Japanese firms show surprising optimism in boost for new PM
Bank of Japan’s quarterly Tankan survey showed sentiment among large manufacturers rose compared with prior period
Confidence among big Japanese businesses unexpectedly improved for a fifth straight quarter, defying a record wave of the coronavirus and suggesting a potentially faster recovery under the nation’s new prime minister.
Sentiment among large manufacturers rose to 18 in the three months through September from 14 in the prior period, according to the Bank of Japan’s quarterly Tankan survey released on Friday. The reading for service businesses edged up one point to 2.
Big firms of all types said they plan to boost investment by about 10%, slightly more than the plan three months ago. That suggests incoming premier Fumio Kishida, who takes the helm on Monday, may inherit an economy somewhat less damaged by the pandemic than anticipated.
“The numbers suggest economic sentiment won’t collapse any time soon,” said economist Mari Iwashita at Daiwa Securities . “Capital investment is holding up, too.”
Most of the Tankan survey responses came before it was clear Kishida would win this week’s party leadership election, so the results are more likely to partly reflect relief over the departure of unpopular outgoing Prime Minister Yoshihide Suga than faith in the new premier.
Kishida is widely expected to compile a sizeable fiscal package to shore up the economy and woo voters before national elections expected in November.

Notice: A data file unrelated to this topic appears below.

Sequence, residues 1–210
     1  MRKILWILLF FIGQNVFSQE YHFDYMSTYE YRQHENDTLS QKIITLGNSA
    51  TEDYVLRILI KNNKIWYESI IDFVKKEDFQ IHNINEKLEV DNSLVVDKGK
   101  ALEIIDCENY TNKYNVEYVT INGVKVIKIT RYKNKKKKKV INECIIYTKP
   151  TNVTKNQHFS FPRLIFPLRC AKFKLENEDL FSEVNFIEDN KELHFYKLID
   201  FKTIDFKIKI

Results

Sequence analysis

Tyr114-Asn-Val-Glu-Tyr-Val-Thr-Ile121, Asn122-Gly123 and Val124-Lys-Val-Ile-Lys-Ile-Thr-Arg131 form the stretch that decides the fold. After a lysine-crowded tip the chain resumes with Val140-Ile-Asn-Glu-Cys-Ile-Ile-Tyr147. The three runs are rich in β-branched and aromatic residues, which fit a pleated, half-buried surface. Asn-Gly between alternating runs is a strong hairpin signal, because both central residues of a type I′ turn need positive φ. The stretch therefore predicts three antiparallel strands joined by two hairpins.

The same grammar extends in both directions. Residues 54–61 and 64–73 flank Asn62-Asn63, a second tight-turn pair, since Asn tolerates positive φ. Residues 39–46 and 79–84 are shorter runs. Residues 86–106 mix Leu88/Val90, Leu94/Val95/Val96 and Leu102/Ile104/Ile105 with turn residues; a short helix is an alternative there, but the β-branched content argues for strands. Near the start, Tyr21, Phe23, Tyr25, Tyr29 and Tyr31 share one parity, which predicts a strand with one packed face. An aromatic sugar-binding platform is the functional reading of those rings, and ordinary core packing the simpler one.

The incoming premier is also seen shaking up his economic team, with reports that former Olympics minister Shunichi Suzuki is likely to be tapped to replace finance minister Taro Aso, an 81-year-old who has held the post longer than anyone else in the country’s modern era.
Today’s stronger-than-expected results suggest resilience among firms to the spread of the Delta variant of the virus.
Prospects for service businesses should improve as virus cases have fallen dramatically since a record wave in summer, allowing the government on Friday to lift a state of emergency that has dragged on the domestic economy and limited operations at places such as bars, restaurants and entertainment venues.
“The Bank of Japan’s latest Tankan suggests the economy is on a stronger footing, with companies - particularly large manufacturers - boosting investment plans, said Bloomberg Economics economist Yuki Masujima. “With the state of emergency now lifted, we expect a gradual recovery in the fourth quarter, supported by pent-up demand.”
Still, the report showed further evidence of the supply chain disruptions that have forced factory stoppages at Toyota and other Japanese automakers. Stocks of finished goods at large manufacturers dropped to the lowest level since the bubble period of the late 1980s.
That may have been the reason the outlook gauge among manufacturers showed no improvement as would normally be the case during a solid recovery.
“There’s no question that companies remain concerned about the spread of the virus and supply side constraints,” said Daiwa’s Iwashita. “When those concerns go away, they are going to be able to sketch out a firmer recovery scenario.”
Bloomberg. More stories like this are available on bloomberg.com
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